How does ASP.NET Core Authentication Work?

How does ASP.NET Core Authentication Work?

One of the key features of an application is knowing who the current user is. This is called authentication. ASP.NET Core includes authentication middleware to allow a user to be identified before the main application code starts executing.

This is important as it allows authorisation checks to be carried out to ensure that the identified user has the appropriate permissions for the resource they are attempting to access, or the actions they are attempting to complete.

Understanding the ASP.NET Core Authentication

The ASP.NET Core authentication system consists of several components that work together to authenticate and authorise incoming requests. These components include middleware, authentication handlers, authentication schemes, and options.


Middleware processes incoming requests in an ASP.NET Core application and can be used to modify the request or the response. They can also carry out their own functions and then pass the request to the next middleware component in the pipeline for further processing.

The authentication middleware is a special type of middleware that handles authenticating incoming requests. The authentication middleware sits at the beginning of the pipeline and intercepts all incoming requests before they reach the controllers and action methods or minimal API endpoints.

Authentication Handlers

Authentication handlers are responsible for performing the actual authentication of incoming requests. Each authentication handler implements a specific authentication scheme, such as cookie, JWT, or API key authentication.

Authentication handlers implement the IAuthenticationHandler interface (or the AuthenticationHandler<TOptions> class), which defines methods for handling authentication challenges and processing authentication requests. The AuthenticateAsync method is the most important method of an authentication handler, as it performs the actual authentication of the request.

Authentication Schemes

Authentication schemes are named collections of authentication handlers. Each authentication scheme is given a unique name and has one or more authentication handlers that implement the same authentication scheme.

For example, the cookies authentication scheme might have a handler that reads cookies from the request and a handler that writes cookies to the response. Similarly, the JWT authentication scheme might have a handler that reads JWT tokens from the request and a handler that validates the tokens and extracts the claims.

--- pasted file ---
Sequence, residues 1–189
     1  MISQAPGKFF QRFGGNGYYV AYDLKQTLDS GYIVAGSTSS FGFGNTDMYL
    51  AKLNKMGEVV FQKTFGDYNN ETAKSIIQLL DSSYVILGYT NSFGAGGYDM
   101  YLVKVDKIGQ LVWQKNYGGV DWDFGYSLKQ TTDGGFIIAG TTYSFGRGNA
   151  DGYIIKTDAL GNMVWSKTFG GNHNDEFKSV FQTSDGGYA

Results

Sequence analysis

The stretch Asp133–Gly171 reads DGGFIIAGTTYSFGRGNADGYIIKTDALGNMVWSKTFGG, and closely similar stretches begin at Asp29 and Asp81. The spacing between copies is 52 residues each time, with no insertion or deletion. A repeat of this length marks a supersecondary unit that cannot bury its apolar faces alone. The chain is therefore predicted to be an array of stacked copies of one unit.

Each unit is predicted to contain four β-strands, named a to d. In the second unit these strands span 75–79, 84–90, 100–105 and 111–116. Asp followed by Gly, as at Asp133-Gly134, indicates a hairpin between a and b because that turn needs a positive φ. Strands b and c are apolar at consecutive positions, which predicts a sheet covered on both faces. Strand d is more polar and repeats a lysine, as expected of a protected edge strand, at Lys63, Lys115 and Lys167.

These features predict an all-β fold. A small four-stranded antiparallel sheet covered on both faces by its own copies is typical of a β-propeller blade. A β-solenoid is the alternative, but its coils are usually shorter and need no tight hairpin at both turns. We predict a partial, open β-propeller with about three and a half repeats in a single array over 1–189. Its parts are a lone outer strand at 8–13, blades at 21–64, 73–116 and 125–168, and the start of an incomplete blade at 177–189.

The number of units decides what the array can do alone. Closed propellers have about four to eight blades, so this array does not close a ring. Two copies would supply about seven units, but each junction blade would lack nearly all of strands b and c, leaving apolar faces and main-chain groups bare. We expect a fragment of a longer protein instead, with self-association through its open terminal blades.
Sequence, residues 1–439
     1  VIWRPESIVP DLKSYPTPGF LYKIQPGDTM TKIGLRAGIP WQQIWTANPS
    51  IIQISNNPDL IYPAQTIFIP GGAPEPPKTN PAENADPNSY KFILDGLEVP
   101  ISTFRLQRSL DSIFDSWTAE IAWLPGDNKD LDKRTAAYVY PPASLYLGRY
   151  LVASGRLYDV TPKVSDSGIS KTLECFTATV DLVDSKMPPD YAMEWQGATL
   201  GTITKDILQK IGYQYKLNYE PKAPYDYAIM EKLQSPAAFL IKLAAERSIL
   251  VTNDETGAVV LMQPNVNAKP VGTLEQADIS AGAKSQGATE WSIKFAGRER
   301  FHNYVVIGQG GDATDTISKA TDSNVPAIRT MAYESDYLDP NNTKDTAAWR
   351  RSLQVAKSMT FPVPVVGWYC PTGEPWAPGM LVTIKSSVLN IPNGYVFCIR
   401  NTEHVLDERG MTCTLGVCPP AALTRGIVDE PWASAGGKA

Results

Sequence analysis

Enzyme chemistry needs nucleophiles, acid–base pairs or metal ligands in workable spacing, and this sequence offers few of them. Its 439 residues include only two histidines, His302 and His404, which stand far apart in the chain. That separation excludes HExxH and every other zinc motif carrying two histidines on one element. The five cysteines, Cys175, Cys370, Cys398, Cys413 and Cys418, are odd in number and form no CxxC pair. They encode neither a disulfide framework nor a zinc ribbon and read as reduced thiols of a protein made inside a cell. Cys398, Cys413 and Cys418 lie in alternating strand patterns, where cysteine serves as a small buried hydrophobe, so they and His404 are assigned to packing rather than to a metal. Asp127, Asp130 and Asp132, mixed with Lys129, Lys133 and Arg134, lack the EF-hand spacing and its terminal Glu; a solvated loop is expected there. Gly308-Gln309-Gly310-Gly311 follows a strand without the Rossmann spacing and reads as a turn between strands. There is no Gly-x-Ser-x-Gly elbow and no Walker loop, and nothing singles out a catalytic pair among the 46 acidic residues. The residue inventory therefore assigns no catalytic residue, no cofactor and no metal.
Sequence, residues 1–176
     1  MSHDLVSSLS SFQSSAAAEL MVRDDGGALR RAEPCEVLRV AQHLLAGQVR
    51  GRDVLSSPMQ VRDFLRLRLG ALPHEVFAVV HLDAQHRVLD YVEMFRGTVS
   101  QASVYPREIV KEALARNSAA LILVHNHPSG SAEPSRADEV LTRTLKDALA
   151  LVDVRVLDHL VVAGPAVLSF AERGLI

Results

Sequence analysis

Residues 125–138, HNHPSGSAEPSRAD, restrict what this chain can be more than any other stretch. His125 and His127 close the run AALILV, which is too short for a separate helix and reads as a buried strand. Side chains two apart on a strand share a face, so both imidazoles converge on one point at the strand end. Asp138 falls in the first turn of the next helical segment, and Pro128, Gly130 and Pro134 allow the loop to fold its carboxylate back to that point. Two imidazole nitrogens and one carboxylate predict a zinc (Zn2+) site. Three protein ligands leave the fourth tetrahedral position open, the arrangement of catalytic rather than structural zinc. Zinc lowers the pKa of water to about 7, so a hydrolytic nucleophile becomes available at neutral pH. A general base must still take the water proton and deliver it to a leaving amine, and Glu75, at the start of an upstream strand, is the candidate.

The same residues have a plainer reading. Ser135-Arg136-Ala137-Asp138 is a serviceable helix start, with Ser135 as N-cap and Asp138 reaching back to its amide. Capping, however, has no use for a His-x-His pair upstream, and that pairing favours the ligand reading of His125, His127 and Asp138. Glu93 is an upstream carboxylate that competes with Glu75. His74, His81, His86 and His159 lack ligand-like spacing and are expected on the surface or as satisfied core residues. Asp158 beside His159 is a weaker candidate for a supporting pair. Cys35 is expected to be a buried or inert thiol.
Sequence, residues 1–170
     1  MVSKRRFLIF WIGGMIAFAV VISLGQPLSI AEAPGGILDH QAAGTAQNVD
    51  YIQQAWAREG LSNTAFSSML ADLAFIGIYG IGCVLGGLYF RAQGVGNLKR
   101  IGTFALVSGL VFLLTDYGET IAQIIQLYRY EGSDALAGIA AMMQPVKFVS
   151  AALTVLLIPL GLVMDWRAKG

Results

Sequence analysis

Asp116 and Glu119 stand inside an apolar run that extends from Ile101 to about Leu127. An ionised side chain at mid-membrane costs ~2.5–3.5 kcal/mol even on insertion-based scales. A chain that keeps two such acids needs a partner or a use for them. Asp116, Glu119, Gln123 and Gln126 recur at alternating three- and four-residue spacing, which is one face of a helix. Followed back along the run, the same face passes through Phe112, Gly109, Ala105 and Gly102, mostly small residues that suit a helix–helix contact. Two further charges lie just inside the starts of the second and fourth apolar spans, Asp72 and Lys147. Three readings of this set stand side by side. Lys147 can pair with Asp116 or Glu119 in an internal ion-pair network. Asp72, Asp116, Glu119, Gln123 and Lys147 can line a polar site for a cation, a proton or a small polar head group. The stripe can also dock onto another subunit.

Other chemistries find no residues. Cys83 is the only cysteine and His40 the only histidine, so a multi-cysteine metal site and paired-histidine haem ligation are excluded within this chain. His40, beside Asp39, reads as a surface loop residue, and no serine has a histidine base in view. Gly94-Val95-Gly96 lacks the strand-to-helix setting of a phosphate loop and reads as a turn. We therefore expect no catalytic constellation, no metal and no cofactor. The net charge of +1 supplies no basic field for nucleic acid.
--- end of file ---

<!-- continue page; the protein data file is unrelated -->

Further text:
Options are configuration settings that control the behaviour of the authentication system. Options are defined in classes that inherit from the AuthenticationSchemeOptions class.

Authentication handlers access options through a variation of the IOptions interface, which allows them to retrieve and modify the authentication options at runtime.

Authentication Flow

Since it is typically important to have identified a user before other ASP.NET Core middleware or application logic executes, authentication middleware should be registered early in the middleware pipeline.

The authentication flow that takes place in ASP.NET Core follows these steps:

  1. The authentication middleware intercepts an incoming request.
  2. The middleware determines which authentication scheme to use based on the options specified in the configuration.
  3. The middleware invokes the authentication handler associated with the selected authentication scheme.
  4. The authentication handler performs the actual authentication by examining the request headers, cookies, or other authentication tokens.
  5. If the authentication is successful, the authentication handler creates a ClaimsIdentity object that contains information about the authenticated user, such as their username or email address.
  6. The authentication handler creates a ClaimsPrincipal object that contains the ClaimsIdentity object and any associated claims.
  7. The authentication handler creates an AuthenticationTicket object that contains the ClaimsPrincipal object and any authentication properties.
  8. The authentication handler returns an AuthenticateResult object that contains the authentication ticket and a success status.
  9. If the authentication is unsuccessful, the authentication handler returns an AuthenticateResult object with a failure status and an error message.
  10. If the authentication is successful, the middleware sets the User property of the HttpContext object to the ClaimsPrincipal object created by the authentication handler.
  11. The request is then passed to the next middleware component in the pipeline, which can access the User property to authorize the request based on the authenticated user's claims.

After all the middleware has completed execution, the ASP.NET Core MVC controller, Razor Page or Minimal API action is then executed with all the appropriate authentication information available.

At this point, checks can take place to ensure that the authenticated user has the appropriate authorisation to access the specified resource or perform the requested action.


ASP.NET Core has a highly extensible middleware system which is leverages for performing authentication. Authentication middleware can support a wide variety of authentication schemes (methods of authentication) and allows developers to add their own implementations for authentication schemes as required.

As the authentication middleware can identify a user through any of the registered authentication schemes, the same user could be identified through an authentication cookie, a JWT or an API key and then have the same authorisation logic applied to the user.

This makes the ASP.NET authentication and authorisation system highly flexible, but also very verbose and not as easy to implement for simple use cases.